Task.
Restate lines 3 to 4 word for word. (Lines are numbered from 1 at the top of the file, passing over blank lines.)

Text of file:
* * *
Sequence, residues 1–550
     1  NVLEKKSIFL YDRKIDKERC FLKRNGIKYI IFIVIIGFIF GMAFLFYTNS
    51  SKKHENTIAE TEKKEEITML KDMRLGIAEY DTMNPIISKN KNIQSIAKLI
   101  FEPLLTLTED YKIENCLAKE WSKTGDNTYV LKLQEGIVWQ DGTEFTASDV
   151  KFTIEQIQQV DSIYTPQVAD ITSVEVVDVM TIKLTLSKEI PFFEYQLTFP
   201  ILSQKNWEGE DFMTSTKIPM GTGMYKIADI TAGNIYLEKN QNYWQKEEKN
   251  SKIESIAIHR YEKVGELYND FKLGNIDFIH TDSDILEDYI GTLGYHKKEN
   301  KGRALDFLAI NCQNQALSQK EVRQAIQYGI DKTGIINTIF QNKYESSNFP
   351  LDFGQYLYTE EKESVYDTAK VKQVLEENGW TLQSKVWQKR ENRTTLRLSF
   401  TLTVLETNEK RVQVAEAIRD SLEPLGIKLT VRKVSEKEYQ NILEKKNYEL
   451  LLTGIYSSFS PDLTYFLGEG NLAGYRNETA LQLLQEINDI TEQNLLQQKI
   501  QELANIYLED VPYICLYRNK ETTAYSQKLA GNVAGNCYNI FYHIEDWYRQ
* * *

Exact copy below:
    51  SKKHENTIAE TEKKEEITML KDMRLGIAEY DTMNPIISKN KNIQSIAKLI
   101  FEPLLTLTED YKIENCLAKE WSKTGDNTYV LKLQEGIVWQ DGTEFTASDV